Friday, September 13, 2019
Cousin Bait Connects Again
In an era now, in which genetic genealogists bemoan the lack of responses from their own DNA matches, it may be hard to believe that only a few short years ago, there was a community of family history enthusiasts who thrived on their online connections. In the online forums of the 1990s and early years of this century, genealogists were quite eager to share those troublesome research details which stumped them. There would be notes from people trying to locate information on ancestors who seemed to disappear from the paper trail, requests for death certificates, marriage records, or even wills. Folks seemed quite happy to share what they could find for each other, all thanks to online connections.
At some point during those halcyon days, I must have posted a comment about the hard-to-find surname Gramlewicz on one of those genealogy forums—which was a good thing, because I had just found a puzzling record concerning Annie Gramlewicz, the niece who had been living with my great-grandparents, Anton and Mary Laskowski. Though Annie had reported in the 1915 New York State census that she was born in the United States, the record I found was a passenger list reporting her arrival in New York from Poland.
Anna, sailing from Bremen, Germany, aboard the SS Friedrich der Grosse, arrived at the Port of New York on December 3, 1913. In the passenger records, Anna gave as her date of birth June 24, 1897. Born in Brooklyn, New York, she was returning to an address at "Grenpoint" on Long Island. This would not be a surprise to anyone who knows that Greenpoint, a neighborhood in Brooklyn known for its concentration of Polish immigrants, was once nicknamed "Little Poland." It was not long after her arrival in New York that Anna showed up in the 1915 state census, not in her parents' household, but in the Laskowski household.
Just why she ended up there—or came there from Poland instead of the more reasonable location in one of the neighborhoods of Brooklyn—would have remained a mystery to me, except for one fortunate connection. Because I, as had many other researchers before me, had taken advantage of online resources for genealogists and posted my questions about the Gramlewicz family, someone else had spotted my questions and decided to get in touch.
You can imagine my surprise when I received a message from someone with the surname Gramlewicz, writing me from Sicily, claiming to be a possible distant cousin from a family in Poland. But as we discussed over the course of a very helpful correspondence, there was a reason for Anna's passage, though a U.S. citizen, from Poland in 1913. At some point after the Gramlewicz's disappearance from American census records—I couldn't locate them after the 1910 census—they had decided to give up the immigrant struggle in the rough and tumble neighborhoods of New York City and return to their homeland. The whole family left; the only one who requested to return was Anna. That 1913 passage was what must have been the result of her very difficult decision.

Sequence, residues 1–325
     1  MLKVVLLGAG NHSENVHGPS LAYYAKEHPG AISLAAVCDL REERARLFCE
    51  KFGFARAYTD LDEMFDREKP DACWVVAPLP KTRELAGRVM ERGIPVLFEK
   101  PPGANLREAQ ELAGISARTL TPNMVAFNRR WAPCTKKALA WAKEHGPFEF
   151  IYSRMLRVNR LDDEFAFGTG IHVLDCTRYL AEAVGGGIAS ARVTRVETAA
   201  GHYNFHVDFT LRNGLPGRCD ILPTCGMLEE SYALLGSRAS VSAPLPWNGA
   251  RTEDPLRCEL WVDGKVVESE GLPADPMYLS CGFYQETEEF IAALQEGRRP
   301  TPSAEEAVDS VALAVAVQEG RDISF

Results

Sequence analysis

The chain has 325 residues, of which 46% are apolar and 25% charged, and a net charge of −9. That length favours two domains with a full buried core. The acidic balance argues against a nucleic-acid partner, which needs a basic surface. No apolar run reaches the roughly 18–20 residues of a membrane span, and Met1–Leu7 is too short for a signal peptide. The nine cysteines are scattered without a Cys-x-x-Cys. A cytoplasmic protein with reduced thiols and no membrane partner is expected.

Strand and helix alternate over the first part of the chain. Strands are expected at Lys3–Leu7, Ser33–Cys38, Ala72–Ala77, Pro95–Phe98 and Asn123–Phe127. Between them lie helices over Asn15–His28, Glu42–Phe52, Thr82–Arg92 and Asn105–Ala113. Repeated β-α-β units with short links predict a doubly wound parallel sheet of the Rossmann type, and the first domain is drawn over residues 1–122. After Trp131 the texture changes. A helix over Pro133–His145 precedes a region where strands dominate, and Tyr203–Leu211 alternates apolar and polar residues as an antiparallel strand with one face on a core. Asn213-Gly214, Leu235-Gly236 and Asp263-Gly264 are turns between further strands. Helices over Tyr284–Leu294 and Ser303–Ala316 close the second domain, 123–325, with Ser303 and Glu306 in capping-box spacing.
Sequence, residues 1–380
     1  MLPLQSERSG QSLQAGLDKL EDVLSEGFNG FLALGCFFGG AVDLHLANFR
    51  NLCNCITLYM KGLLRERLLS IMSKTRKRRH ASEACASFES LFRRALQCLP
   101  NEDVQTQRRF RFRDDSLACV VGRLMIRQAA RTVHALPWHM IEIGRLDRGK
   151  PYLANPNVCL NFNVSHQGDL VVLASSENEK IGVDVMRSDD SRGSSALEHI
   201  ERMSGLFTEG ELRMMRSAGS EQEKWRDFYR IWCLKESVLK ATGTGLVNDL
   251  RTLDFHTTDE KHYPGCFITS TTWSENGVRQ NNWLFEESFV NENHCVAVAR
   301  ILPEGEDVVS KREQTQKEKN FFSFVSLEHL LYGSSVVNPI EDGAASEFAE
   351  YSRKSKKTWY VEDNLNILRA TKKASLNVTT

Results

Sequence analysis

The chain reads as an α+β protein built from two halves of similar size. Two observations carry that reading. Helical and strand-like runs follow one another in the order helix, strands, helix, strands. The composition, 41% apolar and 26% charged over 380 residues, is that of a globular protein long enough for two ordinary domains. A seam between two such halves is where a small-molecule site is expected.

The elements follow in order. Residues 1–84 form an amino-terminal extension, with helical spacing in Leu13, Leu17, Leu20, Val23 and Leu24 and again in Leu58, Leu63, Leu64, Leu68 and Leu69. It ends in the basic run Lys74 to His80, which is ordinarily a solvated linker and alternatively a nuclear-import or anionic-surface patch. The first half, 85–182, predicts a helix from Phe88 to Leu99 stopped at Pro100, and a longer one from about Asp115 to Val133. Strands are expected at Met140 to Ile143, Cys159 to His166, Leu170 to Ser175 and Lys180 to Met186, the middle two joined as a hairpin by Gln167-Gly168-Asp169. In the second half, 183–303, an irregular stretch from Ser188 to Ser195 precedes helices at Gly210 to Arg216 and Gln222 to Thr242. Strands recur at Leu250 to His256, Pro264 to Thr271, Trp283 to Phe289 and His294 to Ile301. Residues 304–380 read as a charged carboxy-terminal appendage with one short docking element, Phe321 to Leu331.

Her parents and sisters, however, also faced some difficult times: that family split happened on the eve of a brutal war. Yet, the family fared well enough to welcome into their home a new son, Hieronim, born in Żerków, Poland, in September of 1912. That new son eventually became the grandfather of the woman who had contacted me, thanks to the cousin bait I had posted on one of those genealogy forums, years ago.
Annie—the one who came back to America—herself went on to marry and have a family of her own. Thanks to other connections from those now-outdated forums, I've been able to connect with relatives from this branch of the Gramlewicz family, as well. And the cousin who originally contacted me from Sicily mentioned remembering the older relatives exchanging letters in English with the sibling who went back to America—until one day when the letters no longer came, and, remembering, she always wondered what became of her American relatives.
Cousin bait, in the end, brought each of us together, and gifted us with the answers we were seeking.
Above: Line from a 1913 passenger record reveals that sixteen year old Anna Gramlewicz returned alone from Europe to live, once again, in Brooklyn, New York; image courtesy Ancestry.com.